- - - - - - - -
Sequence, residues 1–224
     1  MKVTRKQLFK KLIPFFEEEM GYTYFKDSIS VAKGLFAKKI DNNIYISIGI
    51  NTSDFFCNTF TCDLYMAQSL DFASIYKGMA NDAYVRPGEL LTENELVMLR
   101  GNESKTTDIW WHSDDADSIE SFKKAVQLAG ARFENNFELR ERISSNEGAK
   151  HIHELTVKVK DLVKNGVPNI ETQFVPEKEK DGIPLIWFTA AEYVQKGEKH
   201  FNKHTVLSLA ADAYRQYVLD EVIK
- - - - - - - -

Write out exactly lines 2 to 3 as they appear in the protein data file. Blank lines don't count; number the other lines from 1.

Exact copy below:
     1  MKVTRKQLFK KLIPFFEEEM GYTYFKDSIS VAKGLFAKKI DNNIYISIGI
    51  NTSDFFCNTF TCDLYMAQSL DFASIYKGMA NDAYVRPGEL LTENELVMLR